ABB introduces design and color change for new era of robotics

IRB 6700 robot

2014-05-14 – In 1974, ABB introduced the world’s first all-electric, microprocessor-controlled industrial robot. During these last 40 years, the robotics industry has seen an amazing amount of innovation and incredible improvements. As ABB’s product offer has evolved and changed dramatically, one thing has remained constant: the color of the robots.

BackwhenABBwasintroducingroboticsproductsthatwerepreviouslyunheardof,itwasfeltthe colororangewasappropriateforsafety.Wewanted tohelppeoplerememberthattheywereworkingwith apowerfulpieceofequipmentthatwaspotentiallydangerous.But timeschange,andABB has tochangewiththem.We are now entering a new era of robotics, one in which collaboration between humans and robots is a reality. Recent advances in software and hardware have enabled a new generation of robots that can safely work next to people. In the past, a bright color was needed to keep humans away, but this new era of robots should be more welcoming.

At the same time, ABB has changed as a company. We are realizing our unique ability to deliver complete global solutions, and the ABB brand is stronger around the world. A new design language and color ensures our robots are easily identifiable as ABB products.

“Today we are launching a new look that is both more modern and better suits the era of collaboration,” says Per Vegard Nerseth, Head of ABB Robotics. “We call this new design language ‘Dynamic Design,’ and it is built around the concept that ABB provides efficient solutions for a dynamic world. Not only does the new look adopt unique forms and shapes, it also comes with a new color, Graphite White.”

The best example of this design change can be seen in our recently introduced IRB 6700 robot (pictured above). From the curves on its arm to the new colors, the design language that all of our robots will adopt is evident. Starting in May of 2014 all of ABB’s standard robots will ship in the new Graphite White color and every newly designed robot we release from now on will also be based on the dynamic design philosophy. Traditional orange will remain a free option through the end of 2014, but customers will still be able to order our robots in any color they want.

ABB Robotics is proud to have been such a strong influencer of the last 40 years of robotics development. With this fresh, new design language we are preparing ourselves for another 40 years of incredible innovation and strong collaboration with our partners around the world.

Source: ABB Robotics

Teaching Robots Right from Wrong

Newswise — MEDFORD/SOMERVILLE, Mass.—Researchers from Tufts University, Brown University, and Rensselaer Polytechnic Institute are teaming with the U.S. Navy to explore technology that would pave the way for developing robots capable of making moral decisions.

In a project funded by the Office of Naval Research and coordinated under the Multidisciplinary University Research Initiative, scientists will explore the challenges of infusing autonomous robots with a sense for right, wrong, and the consequences of both.

“Moral competence can be roughly thought about as the ability to learn, reason with, act upon, and talk about the laws and societal conventions on which humans tend to agree,” says principal investigator Matthias Scheutz, professor of computer science at Tufts School of Engineering and director of the Human-Robot Interaction Laboratory (HRI Lab) at Tufts. “The question is whether machines—or any other artificial system, for that matter—can emulate and exercise these abilities.”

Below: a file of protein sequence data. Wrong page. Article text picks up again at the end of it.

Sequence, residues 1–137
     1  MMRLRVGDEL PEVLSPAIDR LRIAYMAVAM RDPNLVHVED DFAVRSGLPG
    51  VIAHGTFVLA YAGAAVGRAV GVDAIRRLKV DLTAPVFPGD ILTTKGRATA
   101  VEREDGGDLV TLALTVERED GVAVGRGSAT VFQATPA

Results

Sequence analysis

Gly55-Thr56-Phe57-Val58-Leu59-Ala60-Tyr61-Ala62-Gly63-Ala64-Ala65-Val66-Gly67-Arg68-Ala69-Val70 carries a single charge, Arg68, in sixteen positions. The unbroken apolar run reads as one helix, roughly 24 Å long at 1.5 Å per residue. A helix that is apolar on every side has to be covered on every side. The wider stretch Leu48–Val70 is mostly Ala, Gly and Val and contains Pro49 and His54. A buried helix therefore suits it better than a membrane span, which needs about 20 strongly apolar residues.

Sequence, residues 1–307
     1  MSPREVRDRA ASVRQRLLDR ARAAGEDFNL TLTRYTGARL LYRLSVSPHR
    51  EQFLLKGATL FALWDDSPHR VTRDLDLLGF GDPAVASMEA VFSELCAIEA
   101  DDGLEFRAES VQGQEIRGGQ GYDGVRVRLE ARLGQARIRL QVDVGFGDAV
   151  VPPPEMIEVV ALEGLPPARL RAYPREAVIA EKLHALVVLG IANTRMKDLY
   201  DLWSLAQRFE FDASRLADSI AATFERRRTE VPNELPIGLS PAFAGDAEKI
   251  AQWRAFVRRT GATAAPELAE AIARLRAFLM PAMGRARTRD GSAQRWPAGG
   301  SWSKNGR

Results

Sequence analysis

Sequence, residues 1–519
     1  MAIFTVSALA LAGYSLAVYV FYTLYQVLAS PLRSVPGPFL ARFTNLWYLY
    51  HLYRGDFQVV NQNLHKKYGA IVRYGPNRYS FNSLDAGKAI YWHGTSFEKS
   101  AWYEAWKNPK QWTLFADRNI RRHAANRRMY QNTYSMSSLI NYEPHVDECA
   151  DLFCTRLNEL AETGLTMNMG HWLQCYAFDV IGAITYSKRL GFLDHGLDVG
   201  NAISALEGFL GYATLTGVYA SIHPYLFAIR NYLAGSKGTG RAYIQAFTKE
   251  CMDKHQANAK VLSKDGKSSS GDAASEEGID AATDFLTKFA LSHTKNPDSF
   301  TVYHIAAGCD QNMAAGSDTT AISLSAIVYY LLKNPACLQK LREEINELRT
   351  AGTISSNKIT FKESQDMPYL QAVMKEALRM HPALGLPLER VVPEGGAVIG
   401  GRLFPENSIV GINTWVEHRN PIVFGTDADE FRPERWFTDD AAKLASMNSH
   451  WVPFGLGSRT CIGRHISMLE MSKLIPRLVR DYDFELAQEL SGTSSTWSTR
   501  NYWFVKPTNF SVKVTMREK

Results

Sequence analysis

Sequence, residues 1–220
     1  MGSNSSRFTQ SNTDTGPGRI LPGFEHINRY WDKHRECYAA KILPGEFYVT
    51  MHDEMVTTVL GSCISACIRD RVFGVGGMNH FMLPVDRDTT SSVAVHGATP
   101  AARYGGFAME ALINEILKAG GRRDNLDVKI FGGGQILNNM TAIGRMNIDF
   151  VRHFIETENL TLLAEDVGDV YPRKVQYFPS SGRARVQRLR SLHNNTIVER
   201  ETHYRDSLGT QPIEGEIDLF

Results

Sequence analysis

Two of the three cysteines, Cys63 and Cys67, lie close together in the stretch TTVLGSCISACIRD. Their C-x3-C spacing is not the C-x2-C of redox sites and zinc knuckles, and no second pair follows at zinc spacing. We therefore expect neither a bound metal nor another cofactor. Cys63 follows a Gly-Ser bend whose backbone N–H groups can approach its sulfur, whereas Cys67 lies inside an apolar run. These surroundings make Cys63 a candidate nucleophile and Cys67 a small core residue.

One scenario is a battlefield, he says. A robot medic responsible for helping wounded soldiers is ordered to transport urgently needed medication to a nearby field hospital. En route, it encounters a Marine with a fractured leg. Should the robot abort the mission to assist the injured? Will it?

If the machine stops, a new set of questions arises. The robot assesses the soldier’s physical state and determines that unless it applies traction, internal bleeding in the soldier’s thigh could prove fatal. However, applying traction will cause intense pain. Is the robot morally permitted to cause the soldier pain, even if it’s for the soldier’s well-being?

The ONR-funded project will first isolate essential elements of human moral competence through theoretical and empirical research. Based on the results, the team will develop formal frameworks for modeling human-level moral reasoning that can be verified. Next, it will implement corresponding mechanisms for moral competence in a computational architecture.

“Our lab will develop unique algorithms and computational mechanisms integrated into an existing and proven architecture for autonomous robots,” says Scheutz. “The augmented architecture will be flexible enough to allow for a robot’s dynamic override of planned actions based on moral reasoning.”

Once architecture is established, researchers can begin to evaluate how machines perform in human-robot interaction experiments where robots face various dilemmas, make decisions, and explain their decisions in ways that are acceptable to humans.

Selmer Bringsjord, head of the Cognitive Science Department at RPI, and Naveen Govindarajulu, post-doctoral researcher working with him, are focused on how to engineer ethics into a robot so that moral logic is intrinsic to these artificial beings. Since the scientific community has yet to establish what constitutes morality in humans the challenge for Bringsjord and his team is severe.

In Bringsjord’s approach, all robot decisions would automatically go through at least a preliminary, lightning-quick ethical check using simple logics inspired by today’s most advanced artificially intelligent and question-answering computers. If that check reveals a need for deep, deliberate moral reasoning, such reasoning would be fired inside the robot, using newly invented logics tailor-made for the task.

“We’re talking about robots designed to be autonomous; hence the main purpose of building them in the first place is that you don’t have to tell them what to do,” Bringsjord said. “When an unforeseen situation arises, a capacity for deeper, on-board reasoning must be in place, because no finite rule set created ahead of time by humans can anticipate every possible scenario.”